Dojo in XPages – 18: Event Delegation

We recently saw how to dynamically attach event handlers to DOM elements with dojo.on(). In this post, we’ll see how to use event delegation to set up event handlers that will work on DOM elements that don’t even exist on the page yet. This is powerful logic that is well worth learning.

Dojo in XPages Series

Dojo in XPages — All Blog Posts

Event Binding vs Event Delegation

When you use the examples in the previous post to attach event handlers to DOM elements with dojo.on(), you’re binding that event handling function to the selected element(s) currently on the page. However, if the elements on the page change and new elements are later created, they will not have the event handler bound to them.

Event delegation solves this problem by looking for the desired elements from a higher level (for example, the page body or the window object). This way, if elements are added later that meet the selection criteria, they will still handle the event as desired.

Check out this post by Marky Roden for further explanation.

A Use Case for Event Delegation

A common XPages use case will illustrate the point. Take, for example, a repeat control (that creates a table row for each instance) or view panel that uses a pager.

If you run this code on the page, you will get an event handler that writes a message to the browser console each time a table row is clicked.

dojo.query('tr').on('click', function() {
  console.log ('Clicked Row');
});

However, if you use the pager to load the next set of rows, then nothing will happen when you click on a row. This is because the event handler was bound to all table rows that existed when the code was run. Once the pager is clicked, those rows were removed and a new set was created on the page.

If you want your function to run any time any row in the view or repeat is clicked, even after paging, you can use event delegation.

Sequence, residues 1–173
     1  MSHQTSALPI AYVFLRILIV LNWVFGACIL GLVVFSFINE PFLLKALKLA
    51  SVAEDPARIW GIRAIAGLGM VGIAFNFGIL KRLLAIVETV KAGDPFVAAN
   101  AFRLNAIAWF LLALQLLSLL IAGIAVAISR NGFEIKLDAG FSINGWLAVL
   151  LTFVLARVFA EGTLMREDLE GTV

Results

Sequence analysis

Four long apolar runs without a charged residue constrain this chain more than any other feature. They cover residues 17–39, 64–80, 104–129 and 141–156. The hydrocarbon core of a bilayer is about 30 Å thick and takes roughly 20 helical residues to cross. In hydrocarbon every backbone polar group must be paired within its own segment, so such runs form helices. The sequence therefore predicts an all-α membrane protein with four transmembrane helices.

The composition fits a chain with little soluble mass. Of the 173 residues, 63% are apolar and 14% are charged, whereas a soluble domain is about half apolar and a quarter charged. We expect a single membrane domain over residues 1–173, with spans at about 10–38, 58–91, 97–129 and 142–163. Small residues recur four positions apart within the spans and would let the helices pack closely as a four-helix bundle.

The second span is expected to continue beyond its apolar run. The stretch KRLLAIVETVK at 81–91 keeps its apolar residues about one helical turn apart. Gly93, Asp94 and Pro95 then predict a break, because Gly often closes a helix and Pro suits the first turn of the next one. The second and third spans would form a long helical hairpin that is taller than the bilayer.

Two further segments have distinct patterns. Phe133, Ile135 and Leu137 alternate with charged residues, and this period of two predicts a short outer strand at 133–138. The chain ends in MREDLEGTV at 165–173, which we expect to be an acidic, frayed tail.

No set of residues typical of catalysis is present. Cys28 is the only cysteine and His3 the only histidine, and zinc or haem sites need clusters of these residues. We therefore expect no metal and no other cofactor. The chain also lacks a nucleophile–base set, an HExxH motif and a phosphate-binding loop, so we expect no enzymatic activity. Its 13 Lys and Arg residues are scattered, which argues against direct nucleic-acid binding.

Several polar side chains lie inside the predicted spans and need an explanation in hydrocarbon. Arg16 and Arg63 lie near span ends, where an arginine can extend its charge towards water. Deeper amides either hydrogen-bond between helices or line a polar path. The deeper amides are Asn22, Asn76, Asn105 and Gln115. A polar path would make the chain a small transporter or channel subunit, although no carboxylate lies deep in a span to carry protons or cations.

The code is very similar, but instead of just specifying an event to handle, you specify also specify a selector to choose the elements as well as the event to handle, in this form selector:event. The other difference is that the first parameter will not be the elements to select, but rather a higher-level element that will contain the elements that you want to handle.

It can take one of these forms:

dojo.on(window.document, [selector[:[event], function() {} );
dojo.query('body').on([selector]:[event], function() {} );

(You can also substitute the name of an existing function in place of the anonymous inline function declaration.)

For example, this will delegate the event by putting the listener on the page body. It will listen for a click event on all tr tags within the page body, regardless of whether they exist now or are created at a later time via client-side code or a partial refresh. (If the entire page is refreshed, then the handler would go away.)

dojo.query('body').on('tr:click', function() {
  console.log('Clicked Row')
});

The selector uses dojo.query(), so the selector will follow the same rules used for selecting elements with dojo.query().

Here’s another example that will do the same thing, but will save the first call to dojo.query(), so it would seem like it should be more efficient. This uses the dojo.on() method directly (rather than chained to a dojo.query()). Rather than querying an element, you can just set it to the top-level window.document, so it will listen for events on the selected elements anywhere on the page.

dojo.on(window.document, 'tr:click', function() {
  console.log('Clicked Row');
});

However, if you want to target the listening to a smaller area of the page, you may want to instead use dojo.query() to narrow the scope of listening for the events and elements.

Note that you need to include the dojo.on module on the page if you want to use the dojo.on() method in XPages, but you don’t need to include any modules if you use dojo.query().on().

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